By Hemal Shah
This week, President Barack Obama became the first U.S. president to preside as the chief guest at India’s annual Republic Day celebrations. What does this mean for U.S.-India relations? Coming on the heels of Indian Prime Minister Narendra Modi’s successful visit to the U.S. last September, Obama’s latest trip to New Delhi reiterates the intention of friendship on both sides. Marked by drift and disagreement less than a year ago, ties between the world’s largest democracy and the world’s oldest democracy are now on the upswing.
So what was achieved on this visit? Three signs show growing optimism for this partnership.
First, Obama’s visit was marked by strong symbolism. He is not only the first U.S. president to be the chief guest at India’s Republic Day – a grand celebration of India’s democratic constitution and military might – but also the only U.S. president to visit India twice. Obama even moved the date of his State of the Union address just so he could accept Modi’s invitation. Breaking from New Delhi’s obsolete foreign policy of nonalignment, Modi’s invitation to Obama signals that India is unafraid to show that a closer U.S.-India partnership is in India’s national interest. Dismissing protocol, Modi received Obama at the airport with a warm bear hug. Both leaders announced a string of agreements, jointly addressed the Indian masses on national radio (another first time for a U.S. president visiting India), and engaged with top business leaders. Finally, the signing of the Delhi Declaration of Friendship clearly highlighted their common goals and commitments.
Second, Obama and Modi reportedly broke the seven-year-old impasse on a civil nuclear deal. In 2008, former President George W. Bush and former Prime Minister Manmohan Singh created a landmark in U.S.-India ties by signing a civil nuclear deal that paved the way for India to buy nuclear reactors to produce fuel. With this in hand, India became the only country with nuclear weapons that wasn’t party to the nuclear Non-Proliferation Treaty to be allowed to access civilian nuclear technology from other countries. However, India’s passage of a liability law in 2010 compromised the deal by calling for foreign suppliers to shoulder all risks from potential accidents. Ending this logjam, both the U.S. and India agreed to float the notion of an insurance pool to cover liabilities, leaving the decision with partner companies to share risks.
Third, Obama and Modi renewed the U.S.-India defense framework agreement for another 10 years. For the first time since its inception in 2012, the Defense Trade and Technology Initiative is set to become fully operational with four distinct projects – including unmanned Raven drones, equipment for C-130 transport planes, and military gear – selected for codevelopment and coproduction. In the past, India complained about America’s failure to reliably supply technology parts on time and the U.S. was wary of India’s close defense relationship with Russia. However, last year, America surpassed Russia as India’s largest arms supplier. The scale of the initiative’s projects outlined above may be modest, but they will mark a concrete start to lead on to codeveloping more high-end weapons, such as jet engines.
Obama and Modi also set goals to increase two-way trade from $100 billion to $500 billion in the coming decade. Obama ended the trip by pledging to invest a total of $4 billion in India to further business ties, including $2 billion to develop the country’s renewable energy sector. In a veiled reference to rising Chinese aggression, both sides also agreed to beef up maritime security in the South China Sea.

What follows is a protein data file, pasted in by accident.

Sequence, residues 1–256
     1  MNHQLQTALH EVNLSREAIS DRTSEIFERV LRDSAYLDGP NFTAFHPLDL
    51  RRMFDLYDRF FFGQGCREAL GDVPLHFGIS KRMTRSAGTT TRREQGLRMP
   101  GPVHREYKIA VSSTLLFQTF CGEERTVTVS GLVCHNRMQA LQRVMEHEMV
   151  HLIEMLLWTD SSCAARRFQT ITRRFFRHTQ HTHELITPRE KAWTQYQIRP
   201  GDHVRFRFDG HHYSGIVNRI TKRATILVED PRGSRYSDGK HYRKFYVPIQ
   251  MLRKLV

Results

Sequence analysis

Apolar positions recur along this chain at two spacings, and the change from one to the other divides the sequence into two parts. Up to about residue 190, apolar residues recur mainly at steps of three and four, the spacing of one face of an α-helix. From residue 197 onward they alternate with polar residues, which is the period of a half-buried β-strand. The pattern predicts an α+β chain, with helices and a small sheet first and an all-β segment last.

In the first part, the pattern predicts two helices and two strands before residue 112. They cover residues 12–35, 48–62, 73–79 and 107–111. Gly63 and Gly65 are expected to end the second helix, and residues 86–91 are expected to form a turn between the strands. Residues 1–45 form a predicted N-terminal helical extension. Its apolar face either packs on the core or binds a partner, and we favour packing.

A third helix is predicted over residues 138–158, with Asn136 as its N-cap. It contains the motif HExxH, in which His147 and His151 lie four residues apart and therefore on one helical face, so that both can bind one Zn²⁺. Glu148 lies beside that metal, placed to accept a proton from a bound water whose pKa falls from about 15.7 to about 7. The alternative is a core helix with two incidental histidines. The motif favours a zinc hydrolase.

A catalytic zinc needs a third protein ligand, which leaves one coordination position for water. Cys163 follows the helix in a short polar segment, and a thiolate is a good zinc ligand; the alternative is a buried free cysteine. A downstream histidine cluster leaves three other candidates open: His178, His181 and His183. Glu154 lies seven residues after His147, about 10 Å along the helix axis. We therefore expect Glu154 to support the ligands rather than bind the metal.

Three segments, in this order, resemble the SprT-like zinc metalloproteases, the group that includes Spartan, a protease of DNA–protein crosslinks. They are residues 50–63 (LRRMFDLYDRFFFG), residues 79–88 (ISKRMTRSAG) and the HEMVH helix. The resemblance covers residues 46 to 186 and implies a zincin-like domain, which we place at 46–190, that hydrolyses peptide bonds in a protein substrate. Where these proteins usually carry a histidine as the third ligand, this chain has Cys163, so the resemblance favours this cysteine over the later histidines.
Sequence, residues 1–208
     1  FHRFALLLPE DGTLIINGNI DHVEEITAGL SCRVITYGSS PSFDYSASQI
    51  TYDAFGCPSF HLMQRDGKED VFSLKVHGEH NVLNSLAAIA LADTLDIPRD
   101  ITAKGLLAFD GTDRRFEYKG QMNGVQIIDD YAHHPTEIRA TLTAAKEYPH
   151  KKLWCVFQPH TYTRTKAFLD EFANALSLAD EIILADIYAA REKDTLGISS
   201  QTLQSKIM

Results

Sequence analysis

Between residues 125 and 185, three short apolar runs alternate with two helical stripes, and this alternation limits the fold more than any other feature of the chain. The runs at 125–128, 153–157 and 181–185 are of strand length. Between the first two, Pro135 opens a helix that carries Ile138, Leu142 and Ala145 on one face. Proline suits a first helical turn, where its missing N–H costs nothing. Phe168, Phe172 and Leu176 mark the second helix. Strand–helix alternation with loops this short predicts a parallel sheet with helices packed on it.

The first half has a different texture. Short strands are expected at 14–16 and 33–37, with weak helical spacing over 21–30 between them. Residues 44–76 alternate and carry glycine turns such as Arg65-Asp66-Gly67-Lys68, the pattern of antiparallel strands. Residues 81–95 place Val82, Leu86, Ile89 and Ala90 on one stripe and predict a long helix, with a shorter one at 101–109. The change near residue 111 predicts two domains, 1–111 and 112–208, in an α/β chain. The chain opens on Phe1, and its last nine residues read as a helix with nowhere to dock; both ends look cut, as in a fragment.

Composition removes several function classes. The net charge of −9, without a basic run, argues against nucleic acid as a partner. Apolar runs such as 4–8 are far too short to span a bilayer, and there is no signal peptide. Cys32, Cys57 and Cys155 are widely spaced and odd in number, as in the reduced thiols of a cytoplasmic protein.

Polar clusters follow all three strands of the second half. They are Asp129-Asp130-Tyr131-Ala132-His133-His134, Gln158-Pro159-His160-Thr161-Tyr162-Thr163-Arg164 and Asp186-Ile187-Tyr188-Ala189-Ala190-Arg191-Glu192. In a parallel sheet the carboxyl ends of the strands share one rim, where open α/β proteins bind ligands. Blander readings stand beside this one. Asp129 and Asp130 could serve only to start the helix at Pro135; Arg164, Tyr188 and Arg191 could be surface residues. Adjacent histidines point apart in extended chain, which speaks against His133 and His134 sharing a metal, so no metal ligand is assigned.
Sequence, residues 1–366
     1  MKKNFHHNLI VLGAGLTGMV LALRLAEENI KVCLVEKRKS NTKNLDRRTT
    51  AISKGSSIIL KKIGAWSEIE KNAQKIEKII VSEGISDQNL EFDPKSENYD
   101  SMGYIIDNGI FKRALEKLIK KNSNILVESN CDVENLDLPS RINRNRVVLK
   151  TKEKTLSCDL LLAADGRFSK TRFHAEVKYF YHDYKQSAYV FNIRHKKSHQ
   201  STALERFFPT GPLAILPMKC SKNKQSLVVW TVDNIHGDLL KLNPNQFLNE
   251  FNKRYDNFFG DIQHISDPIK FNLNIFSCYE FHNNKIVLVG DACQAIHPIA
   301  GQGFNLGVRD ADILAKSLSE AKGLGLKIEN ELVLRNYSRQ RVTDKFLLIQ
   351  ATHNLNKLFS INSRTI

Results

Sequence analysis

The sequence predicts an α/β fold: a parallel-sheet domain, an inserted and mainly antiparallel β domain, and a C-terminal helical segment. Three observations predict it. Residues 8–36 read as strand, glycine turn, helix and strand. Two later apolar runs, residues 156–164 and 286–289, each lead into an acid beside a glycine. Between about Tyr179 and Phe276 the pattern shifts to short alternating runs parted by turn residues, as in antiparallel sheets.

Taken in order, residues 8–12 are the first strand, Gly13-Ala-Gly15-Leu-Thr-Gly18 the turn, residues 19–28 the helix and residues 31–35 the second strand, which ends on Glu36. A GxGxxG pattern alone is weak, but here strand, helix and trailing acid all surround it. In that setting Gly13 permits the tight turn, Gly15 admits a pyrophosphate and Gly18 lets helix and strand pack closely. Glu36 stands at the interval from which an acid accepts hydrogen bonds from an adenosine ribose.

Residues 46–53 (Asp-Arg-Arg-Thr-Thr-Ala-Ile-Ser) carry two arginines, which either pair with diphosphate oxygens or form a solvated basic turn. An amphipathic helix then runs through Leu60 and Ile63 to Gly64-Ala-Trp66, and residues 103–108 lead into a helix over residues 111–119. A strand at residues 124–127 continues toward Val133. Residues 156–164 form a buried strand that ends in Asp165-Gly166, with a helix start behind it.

Symbolism makes for a great start, and the potential break to the impasse on defense and civil nuclear energy cooperation is commendable. But now comes the tough part – actually following through. The U.S. and India may have identified distinct projects for codevelopment in defense. But India still needs to fix its corrupt procurement process and lengthy bureaucratic procedures. New Delhi also needs to invest more into research and development to modernize its defense industry in order to attract serious foreign capital if it desires joint development of high-end weapons to replace its Russian-supplied Soviet-era equipment. Both sides have characterized the nuclear deal as “done,” but no one has seen the fine print that will operationalize the agreement to prove it is any different from the short-lived glory of 2008. India’s local component requirements, and tough land acquisition and labor laws, stand in the way of the U.S. supplying solar energy panels or setting up factories to produce them as part of bolstering India’s renewable energy capacity. Moreover, Americans are wary of India’s policy flip-flop on investment rules and consequent economic slowdown under the previous government.
Last year, the Indians bet on Modi to revive the economy by awarding him the biggest electoral mandate in three decades of Indian history. Now he has his work cut out for him. His economic messaging shows that he wants the U.S. to be a part of his reform plan and vision for India. With economic growth starting to pick up at 6.3 percent, and the IMF predicting that India will beat China’s growth by next year, Obama is also betting on Modi’s ability to build a stronger India and forge a deeper strategic partnership with the U.S. One hopes that the symbolism from this visit matches the promises made. The world will be watching closely as these democratic giants take the leap forward, together.
Republished from U.S. News and World Report.